We love Thanksgiving almost as much as we love our pets–which is to say, a lot! We want our precious dogs and cats to be able to take part in the Turkey Day festivities and celebrate along with us. And the good news is, they can!
While you don’t want to feed Fido a slice of your pumpkin pie or dress up shy Trixie in a pilgrim outfit, you can ensure that your pet has a fun, stress-free day by doing a little bit of preparation. Read our tips on how to keep your pet happy and healthy this Thanksgiving, and you can rest- assured that he’ll have a day he’ll love.
Don’t feed her your food
You may want to give your pet a turkey leg or some stuffing, but resist the urge. Real bones can splinter and lodge in your pet’s throat or stomach, and many of the oils used in cooking are unhealthy for Fluffy to eat. Desserts such as pumpkin or sweet potato pie have added sugars and fats that can upset your pet’s stomach.
So, is everything ruled out for your dog or cat on Turkey Day? Not necessarily. A few pieces of skinless turkey should be fine, along with vegetables not cooked in any fats (steamed green beans or broccoli and mashed sweet potatoes sans butter) are healthy options. This way, you’ll be happy knowing that you’re treating your pet without the worry of feeding her something unhealthy.
Keep him away from the crowd
Chances are, relatives and friends will be flocking to your house the last Thursday in November. Plan in advance to keep your pet away from the crowd a bulk of the time, especially if he is the nervous or excitable type. Placing him in a separate room when guests arrive is a good idea, as you can bring him out later once everyone is settled. You can have him join the family (because he’s family, too!), but giving him some downtime away from all the stimulation will help him stay less stressed.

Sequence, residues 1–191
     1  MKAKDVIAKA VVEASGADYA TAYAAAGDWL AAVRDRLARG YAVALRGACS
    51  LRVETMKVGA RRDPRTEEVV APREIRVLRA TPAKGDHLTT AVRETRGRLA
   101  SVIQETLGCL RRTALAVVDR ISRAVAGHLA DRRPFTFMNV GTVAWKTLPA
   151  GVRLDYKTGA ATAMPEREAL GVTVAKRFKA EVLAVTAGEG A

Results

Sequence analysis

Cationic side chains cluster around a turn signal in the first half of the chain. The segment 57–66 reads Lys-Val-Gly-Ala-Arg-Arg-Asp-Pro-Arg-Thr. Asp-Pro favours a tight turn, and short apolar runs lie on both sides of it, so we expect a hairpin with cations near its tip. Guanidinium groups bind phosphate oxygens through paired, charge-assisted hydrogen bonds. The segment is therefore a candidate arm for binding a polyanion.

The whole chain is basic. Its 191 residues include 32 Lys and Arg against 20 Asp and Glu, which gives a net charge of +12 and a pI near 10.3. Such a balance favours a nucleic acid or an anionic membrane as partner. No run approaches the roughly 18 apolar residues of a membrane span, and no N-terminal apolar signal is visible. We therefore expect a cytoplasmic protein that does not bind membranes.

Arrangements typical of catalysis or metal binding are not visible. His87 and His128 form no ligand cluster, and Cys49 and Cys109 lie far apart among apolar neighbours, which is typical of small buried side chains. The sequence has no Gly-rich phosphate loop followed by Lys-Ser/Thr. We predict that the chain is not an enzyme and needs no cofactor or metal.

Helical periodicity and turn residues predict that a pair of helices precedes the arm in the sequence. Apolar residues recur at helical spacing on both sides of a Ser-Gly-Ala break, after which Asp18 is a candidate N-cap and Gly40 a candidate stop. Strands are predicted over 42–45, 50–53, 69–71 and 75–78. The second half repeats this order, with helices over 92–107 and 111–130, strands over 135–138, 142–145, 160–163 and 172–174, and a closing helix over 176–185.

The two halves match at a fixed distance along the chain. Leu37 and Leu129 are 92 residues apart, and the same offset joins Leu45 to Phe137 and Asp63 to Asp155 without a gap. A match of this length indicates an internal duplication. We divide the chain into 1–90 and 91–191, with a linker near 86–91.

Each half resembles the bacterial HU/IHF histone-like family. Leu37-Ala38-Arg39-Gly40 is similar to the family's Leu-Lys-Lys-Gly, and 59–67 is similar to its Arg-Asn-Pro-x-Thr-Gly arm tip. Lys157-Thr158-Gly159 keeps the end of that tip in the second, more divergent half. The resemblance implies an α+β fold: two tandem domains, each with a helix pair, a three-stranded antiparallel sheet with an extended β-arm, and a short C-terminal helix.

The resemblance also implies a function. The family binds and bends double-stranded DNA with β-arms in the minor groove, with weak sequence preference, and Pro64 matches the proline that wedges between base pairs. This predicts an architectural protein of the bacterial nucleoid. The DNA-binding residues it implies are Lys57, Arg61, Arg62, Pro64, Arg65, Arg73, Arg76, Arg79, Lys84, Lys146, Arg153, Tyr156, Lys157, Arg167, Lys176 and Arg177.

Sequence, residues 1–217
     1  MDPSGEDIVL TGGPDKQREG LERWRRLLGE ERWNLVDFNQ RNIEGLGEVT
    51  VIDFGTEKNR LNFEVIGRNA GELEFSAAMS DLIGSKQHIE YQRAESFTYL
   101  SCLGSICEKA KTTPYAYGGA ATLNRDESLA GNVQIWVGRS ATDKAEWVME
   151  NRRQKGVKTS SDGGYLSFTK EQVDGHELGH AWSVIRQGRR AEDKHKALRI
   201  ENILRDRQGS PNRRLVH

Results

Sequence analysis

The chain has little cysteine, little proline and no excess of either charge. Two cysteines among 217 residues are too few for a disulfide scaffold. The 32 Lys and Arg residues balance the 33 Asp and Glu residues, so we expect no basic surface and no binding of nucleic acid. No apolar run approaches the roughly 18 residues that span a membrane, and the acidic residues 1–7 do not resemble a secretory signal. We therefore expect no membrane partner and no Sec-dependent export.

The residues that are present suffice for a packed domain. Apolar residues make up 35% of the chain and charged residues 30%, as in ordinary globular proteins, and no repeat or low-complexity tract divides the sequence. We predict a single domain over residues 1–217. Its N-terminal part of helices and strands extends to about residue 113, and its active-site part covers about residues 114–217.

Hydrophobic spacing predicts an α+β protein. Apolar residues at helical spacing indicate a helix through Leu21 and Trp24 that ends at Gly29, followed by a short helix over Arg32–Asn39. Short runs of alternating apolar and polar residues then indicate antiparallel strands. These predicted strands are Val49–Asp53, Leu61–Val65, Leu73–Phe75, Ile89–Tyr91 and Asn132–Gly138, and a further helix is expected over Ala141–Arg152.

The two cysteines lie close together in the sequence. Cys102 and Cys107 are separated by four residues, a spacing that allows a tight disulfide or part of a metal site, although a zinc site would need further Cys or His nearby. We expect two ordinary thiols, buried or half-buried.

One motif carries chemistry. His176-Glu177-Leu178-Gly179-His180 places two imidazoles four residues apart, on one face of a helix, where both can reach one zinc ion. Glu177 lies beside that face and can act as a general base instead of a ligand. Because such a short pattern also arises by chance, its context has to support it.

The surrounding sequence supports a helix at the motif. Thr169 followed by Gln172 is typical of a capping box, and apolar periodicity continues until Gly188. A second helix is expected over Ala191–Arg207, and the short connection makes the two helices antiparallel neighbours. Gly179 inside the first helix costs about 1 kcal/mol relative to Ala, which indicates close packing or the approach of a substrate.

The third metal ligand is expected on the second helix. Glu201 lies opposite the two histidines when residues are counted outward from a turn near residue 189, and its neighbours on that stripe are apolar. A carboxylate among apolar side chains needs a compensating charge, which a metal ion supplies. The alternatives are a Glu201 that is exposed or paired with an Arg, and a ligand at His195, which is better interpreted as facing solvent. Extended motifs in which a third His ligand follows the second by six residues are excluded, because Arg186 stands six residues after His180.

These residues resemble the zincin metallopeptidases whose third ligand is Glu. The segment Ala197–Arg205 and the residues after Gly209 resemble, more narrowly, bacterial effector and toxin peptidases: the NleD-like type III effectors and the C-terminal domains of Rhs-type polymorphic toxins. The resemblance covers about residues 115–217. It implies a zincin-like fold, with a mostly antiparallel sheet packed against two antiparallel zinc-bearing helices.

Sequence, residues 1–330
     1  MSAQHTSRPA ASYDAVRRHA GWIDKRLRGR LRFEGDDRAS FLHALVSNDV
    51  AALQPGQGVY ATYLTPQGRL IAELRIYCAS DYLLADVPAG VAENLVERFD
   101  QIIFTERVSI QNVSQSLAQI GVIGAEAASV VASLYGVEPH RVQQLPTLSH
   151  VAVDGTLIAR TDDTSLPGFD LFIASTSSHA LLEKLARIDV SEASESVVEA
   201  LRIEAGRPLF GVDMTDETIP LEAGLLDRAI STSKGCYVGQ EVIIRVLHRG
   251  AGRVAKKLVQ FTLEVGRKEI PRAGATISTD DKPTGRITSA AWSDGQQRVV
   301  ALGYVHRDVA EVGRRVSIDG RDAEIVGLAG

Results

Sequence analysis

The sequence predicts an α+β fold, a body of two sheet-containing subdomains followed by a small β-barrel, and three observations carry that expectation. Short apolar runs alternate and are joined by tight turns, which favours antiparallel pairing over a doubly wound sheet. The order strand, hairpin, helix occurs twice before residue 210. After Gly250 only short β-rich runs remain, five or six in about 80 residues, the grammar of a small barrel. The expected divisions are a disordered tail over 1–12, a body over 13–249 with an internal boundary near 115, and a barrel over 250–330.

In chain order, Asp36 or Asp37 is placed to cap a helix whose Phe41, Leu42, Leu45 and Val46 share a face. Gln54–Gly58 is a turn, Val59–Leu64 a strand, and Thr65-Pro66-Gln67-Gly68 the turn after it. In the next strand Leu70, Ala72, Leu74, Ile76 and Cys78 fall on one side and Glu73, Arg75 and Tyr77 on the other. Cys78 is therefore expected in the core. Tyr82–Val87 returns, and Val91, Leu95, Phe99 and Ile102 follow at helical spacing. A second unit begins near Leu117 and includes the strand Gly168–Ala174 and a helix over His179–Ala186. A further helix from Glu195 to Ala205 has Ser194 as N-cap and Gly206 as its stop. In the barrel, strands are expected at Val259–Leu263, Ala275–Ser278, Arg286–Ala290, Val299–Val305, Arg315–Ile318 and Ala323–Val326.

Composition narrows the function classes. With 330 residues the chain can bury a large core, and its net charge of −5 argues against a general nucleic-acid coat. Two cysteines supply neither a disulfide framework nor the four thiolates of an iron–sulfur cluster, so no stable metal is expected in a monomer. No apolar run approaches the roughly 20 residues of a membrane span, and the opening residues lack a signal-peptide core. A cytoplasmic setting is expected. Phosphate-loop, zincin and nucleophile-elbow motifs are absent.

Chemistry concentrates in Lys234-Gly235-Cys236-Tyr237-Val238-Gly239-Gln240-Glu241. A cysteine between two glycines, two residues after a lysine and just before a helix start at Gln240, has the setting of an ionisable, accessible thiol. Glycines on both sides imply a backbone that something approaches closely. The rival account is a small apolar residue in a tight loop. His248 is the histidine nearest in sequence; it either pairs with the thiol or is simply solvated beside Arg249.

Another good thing about keeping your pet in a separate room, especially around the big Thanksgiving meal, is that food may drop from the table within Fido’s reach. You may also have relatives that want to treat Fido to some food, which can become unhealthy if multiple people are feeding him (even if they are giving him the appropriate treats).
If bringing her to a relative’s, be prepared
Your pet will be in a new environment and surrounded by new people and smells. Keep a close eye on her to make sure she’s not getting overly stimulated or stressed. If she is, ask if you could move her to a separate, quieter room. Make sure that she is kept away from the doorways or any open windows, in case she should get out. Having up-to-date ID tags or microchips is always a great idea.
Try to stick to a routine as much as possible. If you walked your dog in the morning, do it at your relative’s. If you fed your cat in the afternoon, keep feeding her then. Sticking to an established routine is a good idea to keep your pet from becoming stressed. Make sure you’ve packed all her essentials (leash, food and water bowls, toys) and you’ll be good to go!
Be careful with leftovers
Many a pet has gotten into the Thanksgiving trash, with unhealthy results. Make sure guests are throwing away their trash and haven’t dropped anything within Fido’s reach. Keep trash can lids secure and kept out of your pet’s sight. Also, like we mentioned before, don’t be tempted to give your dog or cat any food that’s not on the approved list. And when feeding him the healthy foods, keep portion size small to avoid any stomach aches.
Pets can pick up on our energy, so if you and your family are stressed, your four-legged friend will be able to tell. While the holidays are a time for excitement, try to keep your pet’s routine as closely to normal as possible. Introduce her to guests carefully, and never force her to do anything she doesn’t want to do (such as don a pilgrim costume). If you and your family eliminate or reduce the biggest stressors (change of routine and new people, situations, and food), you’ll be able to keep everyone’s stress levels down.
. . .
A little bit of preparation goes a long way! If you use these tips, you’re well on your way to having a healthy, happy, stress-free Thanksgiving for both you and your pet!